A fundamental premise of a Demonstration Reach is therefore enhancing community awareness and support. A wide range of individuals and community groups are expected to be involved. Engagement of both Indigenous and non-Indigenous community members is considered vital to success. These individuals or groups who get involved may have an interest in a Demonstration Reach (for example, fishing, educational, environmental) or a right (for example, property or custodial) linked to the river.
A Demonstration Reach needs a considered approach to engaging with this variety of individuals and groups and needs to take account of the different ways in which individuals and groups receive, respond to and can contribute to planning and management processes.
In summary, a Demonstration Reach is a river rehabilitation project aimed at integrating as many available techniques and tools to improve a stretch of degraded waterway in a way that:
1. makes it a better place for native fish and other plants and animals to live;
2. involves and works with the local community; and,
3. uses scientific and community-based monitoring to measure and showcase just how effective integrated river rehabilitation can be.
A detailed long-term plan for the Demonstration Reach is developed along with on-ground activities and these are refined as experiences (and monitoring) show successes and new challenges.
A Demonstration Reach provides a coordinated attempt to concurrently address the major fish community and environmental degradation issues of an individual stretch of river. Among the actions commonly taken are the following:
Improvements to environmental flows;
Revegetation of river bank and floodplain areas;
Construction of fishways and the removal of other barriers to fish migration;
Alleviation of cold-water pollution below large dams;
Diversions and control of saline water;
Control of introduced species such as carp.
Current river rehabilitation programs are spread thinly and often only address one or a few of the problems. Studies have shown that the full range of factors preventing native fish community recovery in an area must be addressed for substantial rehabilitation to succeed. For example, there is little value in providing environmental flows if cold-water pollution prevents native fish from breeding, growing and migrating. Carp control will be of limited value if dams and weirs continue to prevent native fish from recolonising habitats. Furthermore, the scale of the interventions must be appropriate. Fish communities respond over large geographical and time scales.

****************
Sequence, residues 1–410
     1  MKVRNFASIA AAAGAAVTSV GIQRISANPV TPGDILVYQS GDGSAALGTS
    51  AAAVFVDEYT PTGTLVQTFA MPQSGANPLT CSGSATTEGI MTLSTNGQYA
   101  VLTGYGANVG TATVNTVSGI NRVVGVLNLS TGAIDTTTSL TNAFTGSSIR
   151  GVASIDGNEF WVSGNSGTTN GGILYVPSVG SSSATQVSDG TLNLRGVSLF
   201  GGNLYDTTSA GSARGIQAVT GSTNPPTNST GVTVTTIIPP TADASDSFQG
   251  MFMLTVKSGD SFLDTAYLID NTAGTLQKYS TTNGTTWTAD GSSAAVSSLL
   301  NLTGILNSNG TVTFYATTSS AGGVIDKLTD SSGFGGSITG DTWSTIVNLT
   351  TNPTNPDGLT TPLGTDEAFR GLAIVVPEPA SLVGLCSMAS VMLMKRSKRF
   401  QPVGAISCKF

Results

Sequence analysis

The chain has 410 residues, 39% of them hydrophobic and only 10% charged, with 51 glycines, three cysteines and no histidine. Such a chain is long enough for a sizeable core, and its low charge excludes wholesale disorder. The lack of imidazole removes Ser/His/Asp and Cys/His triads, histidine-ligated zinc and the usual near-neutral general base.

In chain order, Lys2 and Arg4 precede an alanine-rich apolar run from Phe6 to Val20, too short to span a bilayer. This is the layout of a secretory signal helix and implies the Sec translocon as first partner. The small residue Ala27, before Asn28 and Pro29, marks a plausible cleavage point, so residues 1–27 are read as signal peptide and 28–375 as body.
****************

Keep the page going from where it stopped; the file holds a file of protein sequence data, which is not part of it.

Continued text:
What it comes down to is Sustaining River Life, in all its forms.
How to use the
Sustaining River Life
Curriculum and Activities Guide
Sustaining River Life has been designed to be an instructional resource for educators who care about natural resources and the environment - beginning with the recognition that healthy waterways are vital to both people and wildlife.
Supporting academic concepts required in the classroom
The activities found in Sustaining River Life are intended for use in field settings however, classroom adaptations have been included for most lesson outlines.
The instructional materials are designed to support the academic standards appropriate for years K-12 in the Australian Capital Territory, New South Wales, Queensland, Victoria and South Australia. Each activity is cross-referenced to the Essential Learning Achievements, Key Learning Areas or whatever similar terminologies are used in the respective States or the ACT.
The activities are easily adaptable to meet the learning requirements for academic disciplines ranging from science, social studies, technology, the arts, english and mathematics, as well as having a strong focus on interdisciplinary achievements.
Educators may choose one or numerous Sustaining River Life activities to teach a concept or a skill. The activities may be integrated into existing courses of study, or the entire set of activities may serve as the basis for a specific course.
Lesson plan structures
Each lesson provides both a primary and secondary pathway. While the lessons are designed to be held in a field setting at the educator’s local river, stream or wetland, in-classroom adaptations have also been provided. The package contains re-enforcing activities appropriate for seatwork or homework.
Enjoying river life. Photograph: Bill Phillips